God commanded us to preach to the people and to testify that he (Jesus) is the one appointed as judge of the living and the dead.
- The Apostle Peter, Acts 10:42
Following the recent atrocities against our country, a local minister, with as great a penchant for writing letters to the editor as delivering sermons to his flock, wrote that America got what she deserved - almost. Because of her great sin, he believes the evil she endured this time should have been worse.
Angry readers fought back. Many equated his "religious fanaticism" to that of the terrorists. Few came to his defense.
Religious fanatics are nothing new. Some even have their words preserved in Scripture, specifically those of the prophets in the latter third of the Old Testament.
Blow the trumpet in Zion and sound an alarm in my holy mountain. Let all the inhabitants of the land tremble... for the day of the Lord is great and very terrible, and who can abide it? (Joel 2:1-11).
"Among my people are wicked men... their houses are full of deceit; they have become rich and powerful... and their evil deeds have no limit... Should I not avenge myself on such a nation as this? declares the Lord (Jeremiah 5:26-29).
At first glance it looks like our modern prophet is following in holy footsteps. But reading beyond these few words of Joel, Jeremiah, and their counterparts, I notice some big differences: The Biblical writings were warnings, not indictments; and negative verses like these are only segments of the message God told them to tell.
After Joels warning he uses more than half his allotted space to list the rewards of repentance, including the symbolic phrase, I (the Lord) will restore to you the years that the locusts have eaten (Joel 2:25). And Jeremiah illustrates Gods offer of a second chance with the story of the potter whose vessel was marred, so he made it again (Jeremiah 18:4). Each message contains what someone has called God's wide space for repentance. It also speaks of Gods sorrow when that repentance doesnt come, something thats missing from our local writers prose.
I dont pretend to speak for God, and I dont mean to soft-pedal the countrys obvious moral decline which I both see and deplore. But the Bible is full of other sermon topics, too, including many examples of Gods mercy outweighing his judgment.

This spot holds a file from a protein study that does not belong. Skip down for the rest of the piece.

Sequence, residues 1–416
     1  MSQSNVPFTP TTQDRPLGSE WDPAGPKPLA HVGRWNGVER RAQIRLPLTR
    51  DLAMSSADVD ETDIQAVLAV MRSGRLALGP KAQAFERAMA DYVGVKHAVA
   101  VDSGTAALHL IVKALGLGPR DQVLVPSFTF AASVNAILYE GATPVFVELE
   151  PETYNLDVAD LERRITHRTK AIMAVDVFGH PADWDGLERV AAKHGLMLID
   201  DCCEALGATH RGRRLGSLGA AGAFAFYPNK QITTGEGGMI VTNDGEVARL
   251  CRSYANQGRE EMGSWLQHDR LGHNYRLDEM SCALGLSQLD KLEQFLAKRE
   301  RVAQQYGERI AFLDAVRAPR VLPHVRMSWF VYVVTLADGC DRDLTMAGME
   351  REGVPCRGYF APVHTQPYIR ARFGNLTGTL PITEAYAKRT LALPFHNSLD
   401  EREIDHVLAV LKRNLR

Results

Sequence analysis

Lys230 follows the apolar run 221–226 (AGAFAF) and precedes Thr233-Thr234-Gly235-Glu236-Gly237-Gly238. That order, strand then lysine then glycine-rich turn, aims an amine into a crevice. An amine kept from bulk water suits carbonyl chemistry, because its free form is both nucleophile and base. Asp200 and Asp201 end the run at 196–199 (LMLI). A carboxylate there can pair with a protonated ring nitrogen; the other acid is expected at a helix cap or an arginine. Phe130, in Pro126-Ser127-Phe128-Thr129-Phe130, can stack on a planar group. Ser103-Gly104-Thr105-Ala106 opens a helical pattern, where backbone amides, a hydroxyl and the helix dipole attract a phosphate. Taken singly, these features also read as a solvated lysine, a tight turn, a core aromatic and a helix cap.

David - King of Israel, ancestor of Jesus, and man after Gods own heart - should have been stoned to death. According to Jewish law, adultery, murder, indiscriminate killings of his predecessors descendants - any one of Davids less-than-godly acts should have sealed his doom.
But God forgave a repentant David, and used him greatly as a leader over the new nation of Israel. God also forgave the repentant, Christian-hating tentmaker formerly known as Saul, and used him (Paul) to guide new converts to Christianity throughout first-century Asia Minor.
My natural reaction to our local prophet is to rail against him, too, for his timing as well as his content. But its not easy for Christian leaders to know when to stress Gods judgment, and when to dwell on His love.
That decision is doubly hard if youve been brought up in a church where the negatives are emphasized so much you rarely hear about that love - or when tragedy and evil specifically touch you, and your theology undergoes a change.
To help me understand those who are short on sympathy and long on condemnation, I picture one of my children or grandchildren lying injured in a hospital bed because of an accident of their own making.
I look at the broken bones, the crushed spirit and disfigured face, and imagine what I would say. Would it be, I knew this would happen... you shouldnt have been driving so fast you had this coming to you, and you get no sympathy from me?
Or would my eyes well up with tears for this child I love so much? Would I touch him wherever he was still touchable and assure him I will never leave him no matter what the final consequences of his actions are?
There is no doubt how I would respond. Some of my tears would be for his folly, but I wouldnt have to point that out to him. His injuries are sufficient for that.
I have no doubt God saw Americas accident coming, or that He has longed for us to live by his protective standards instead of our own folly for a long time. I also have no doubt He is standing by Americas crippled side now, urging us to turn our faint God Bless America signs into Joels blowing trumpets, lest further evil fall across our beloved land.
(Barbara Seaborn is a local free-lance writer. E-mail comments to firstname.lastname@example.org.)
The Columbia County News-Times ©2013. All Rights Reserved.